The lieutenant governor says the Missouri Veterans Commission (MVC) has released an initial report about the increasing number of COVID deaths in Missouri veterans homes, since September.
Lieutenant Governor Mike Kehoe (R) tells Missourinet that the initial report was issued a few days ago, and that some of the MVC’s recommendations are financial.
“In some of these homes that are suffering, the air flow systems in some of these (veterans) homes contribute to viruses spreading, not just the coronavirus but other potential viruses, so trying to get these positive-negative air flow systems figured out in the homes will be the bigger challenge,” Kehoe says.
The MVC says 87 veterans living in state veterans homes have died from COVID, since September 1. That includes 12 deaths in the past 12 days at the home in northwest Missouri’s Cameron.
“They’ve (MVC) come up with a list of some short-term things we can implement immediately, and I know the (Veterans) Commission and the Veterans administration is working on that as we speak,” says Kehoe.
Lt. Governor Kehoe says the top priority for both he and the governor is protecting veterans living in state veterans homes. Kehoe emphasizes that the state’s veterans homes suffer some of the same challenges that other long-term care facilities do.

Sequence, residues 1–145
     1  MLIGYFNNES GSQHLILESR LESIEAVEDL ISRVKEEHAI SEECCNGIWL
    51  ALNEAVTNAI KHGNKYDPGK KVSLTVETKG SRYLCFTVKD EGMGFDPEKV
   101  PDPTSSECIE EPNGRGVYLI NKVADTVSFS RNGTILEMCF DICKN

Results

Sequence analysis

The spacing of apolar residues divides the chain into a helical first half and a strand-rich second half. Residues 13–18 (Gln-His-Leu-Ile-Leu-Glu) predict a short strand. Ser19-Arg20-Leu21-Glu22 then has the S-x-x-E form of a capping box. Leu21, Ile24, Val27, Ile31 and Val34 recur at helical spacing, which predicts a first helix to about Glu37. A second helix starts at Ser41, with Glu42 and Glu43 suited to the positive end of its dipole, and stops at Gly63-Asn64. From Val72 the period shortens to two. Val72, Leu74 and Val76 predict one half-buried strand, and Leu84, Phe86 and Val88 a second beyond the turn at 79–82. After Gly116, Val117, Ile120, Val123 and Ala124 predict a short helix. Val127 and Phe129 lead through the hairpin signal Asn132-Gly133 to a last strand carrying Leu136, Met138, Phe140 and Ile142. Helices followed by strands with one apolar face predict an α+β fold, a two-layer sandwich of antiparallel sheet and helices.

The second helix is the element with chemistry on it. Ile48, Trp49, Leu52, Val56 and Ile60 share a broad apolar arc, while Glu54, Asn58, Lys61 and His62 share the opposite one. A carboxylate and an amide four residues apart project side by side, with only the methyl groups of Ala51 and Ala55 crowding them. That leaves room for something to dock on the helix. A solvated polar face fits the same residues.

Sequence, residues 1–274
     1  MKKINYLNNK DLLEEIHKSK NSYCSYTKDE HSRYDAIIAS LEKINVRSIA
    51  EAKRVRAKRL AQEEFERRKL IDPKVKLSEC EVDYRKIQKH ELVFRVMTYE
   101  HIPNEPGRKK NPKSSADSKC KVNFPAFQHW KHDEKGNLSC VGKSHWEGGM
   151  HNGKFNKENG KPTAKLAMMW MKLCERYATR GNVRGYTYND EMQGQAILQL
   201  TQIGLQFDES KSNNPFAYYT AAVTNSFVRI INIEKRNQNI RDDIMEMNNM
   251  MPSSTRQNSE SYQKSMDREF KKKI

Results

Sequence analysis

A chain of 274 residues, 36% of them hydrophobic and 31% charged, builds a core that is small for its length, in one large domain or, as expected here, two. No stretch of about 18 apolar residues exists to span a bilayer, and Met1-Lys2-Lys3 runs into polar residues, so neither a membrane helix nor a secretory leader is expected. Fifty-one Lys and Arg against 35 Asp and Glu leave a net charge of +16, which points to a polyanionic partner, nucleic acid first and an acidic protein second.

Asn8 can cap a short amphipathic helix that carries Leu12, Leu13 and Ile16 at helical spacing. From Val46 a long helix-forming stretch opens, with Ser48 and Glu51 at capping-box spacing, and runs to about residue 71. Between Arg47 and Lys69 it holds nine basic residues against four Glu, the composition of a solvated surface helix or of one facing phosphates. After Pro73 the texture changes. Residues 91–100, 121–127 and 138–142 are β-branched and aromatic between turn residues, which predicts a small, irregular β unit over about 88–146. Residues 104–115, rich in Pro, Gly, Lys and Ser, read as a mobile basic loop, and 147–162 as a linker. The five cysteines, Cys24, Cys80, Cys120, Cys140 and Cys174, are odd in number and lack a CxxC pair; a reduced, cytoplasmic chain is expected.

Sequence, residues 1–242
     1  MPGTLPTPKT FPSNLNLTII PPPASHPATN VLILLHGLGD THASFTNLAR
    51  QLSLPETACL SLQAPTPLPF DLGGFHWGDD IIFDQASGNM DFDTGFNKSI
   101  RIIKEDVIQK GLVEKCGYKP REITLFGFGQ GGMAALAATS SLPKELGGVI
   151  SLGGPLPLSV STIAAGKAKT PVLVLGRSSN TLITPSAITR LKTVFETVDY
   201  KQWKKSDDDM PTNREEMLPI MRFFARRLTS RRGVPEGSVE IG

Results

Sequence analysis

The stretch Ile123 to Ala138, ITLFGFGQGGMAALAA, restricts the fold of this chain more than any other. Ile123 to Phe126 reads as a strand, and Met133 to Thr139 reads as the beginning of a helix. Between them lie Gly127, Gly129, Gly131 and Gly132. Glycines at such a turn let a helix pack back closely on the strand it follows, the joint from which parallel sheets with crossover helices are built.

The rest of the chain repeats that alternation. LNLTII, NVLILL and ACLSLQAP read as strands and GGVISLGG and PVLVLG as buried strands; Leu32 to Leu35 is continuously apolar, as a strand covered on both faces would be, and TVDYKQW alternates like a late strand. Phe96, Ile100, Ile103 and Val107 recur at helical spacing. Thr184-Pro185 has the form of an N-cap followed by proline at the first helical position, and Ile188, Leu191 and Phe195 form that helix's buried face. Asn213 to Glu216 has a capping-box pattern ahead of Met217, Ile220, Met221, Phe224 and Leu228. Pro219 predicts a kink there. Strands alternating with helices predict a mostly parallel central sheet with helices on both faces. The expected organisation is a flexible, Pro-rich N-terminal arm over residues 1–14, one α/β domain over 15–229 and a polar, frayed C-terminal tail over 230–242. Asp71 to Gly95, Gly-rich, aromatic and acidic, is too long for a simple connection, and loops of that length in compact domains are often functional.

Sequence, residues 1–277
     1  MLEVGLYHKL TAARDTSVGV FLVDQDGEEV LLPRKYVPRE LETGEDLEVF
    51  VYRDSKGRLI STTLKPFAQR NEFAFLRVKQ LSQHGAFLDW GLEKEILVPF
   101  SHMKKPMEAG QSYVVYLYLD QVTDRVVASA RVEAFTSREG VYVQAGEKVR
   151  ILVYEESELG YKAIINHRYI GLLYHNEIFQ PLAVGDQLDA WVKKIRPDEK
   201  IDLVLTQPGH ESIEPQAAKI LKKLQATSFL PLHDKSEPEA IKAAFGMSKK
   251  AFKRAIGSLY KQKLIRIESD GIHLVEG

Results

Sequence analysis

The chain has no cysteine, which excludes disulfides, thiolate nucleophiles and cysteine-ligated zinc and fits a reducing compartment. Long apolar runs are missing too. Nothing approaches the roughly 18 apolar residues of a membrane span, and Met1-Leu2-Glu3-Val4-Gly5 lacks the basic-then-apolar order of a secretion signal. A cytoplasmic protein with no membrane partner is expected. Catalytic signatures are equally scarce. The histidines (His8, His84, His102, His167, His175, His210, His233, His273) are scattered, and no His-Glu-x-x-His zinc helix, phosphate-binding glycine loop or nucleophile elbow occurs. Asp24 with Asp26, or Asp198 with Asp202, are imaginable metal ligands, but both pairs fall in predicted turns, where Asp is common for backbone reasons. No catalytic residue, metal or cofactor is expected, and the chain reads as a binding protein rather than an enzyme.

“It’s a vulnerable population,” Kehoe says. “You have employees and vendors in those homes that actually go out and maybe have another job, or go out to their families and could contract the virus and bring it back in.”
Kehoe says the MVC is working to implement procedures to stop any leaks like that. The state Department of Health and Senior Services (DHSS) says 75 percent of Missouri’s COVID deaths happen in nursing homes.
MVC says Cape Girardeau’s state veterans home has had the highest number of deaths since September, with 29. Cameron is second with 22. There have been 19 deaths at the St. James facility, nine at Mount Vernon, seven in Warrensburg and one in Mexico.
MVC spokesman Jamie Melchert says all of MVC’s veterans homes are following best practices for fighting COVID, as prescribed by the CDC and the state Department of Health and Senior Services (DHSS). He says that includes daily testing, using PCR and antigen testing. It also includes proper use of personal protective equipment (PPE), cleaning and disinfecting and enhanced training in those areas.
Melchert says infection control inspections and additional infection control training procedures are in place at all facilities.
He also says Armstrong Teasdale’s external review is continuing, noting they’re conducting interviews at all seven homes and at the commission’s Jefferson City headquarters.
Click here to listen to Brian Hauswirth’s full interview with Missouri Lieutenant Governor Mike Kehoe, which was recorded on November 3, 2020 in Jefferson City:
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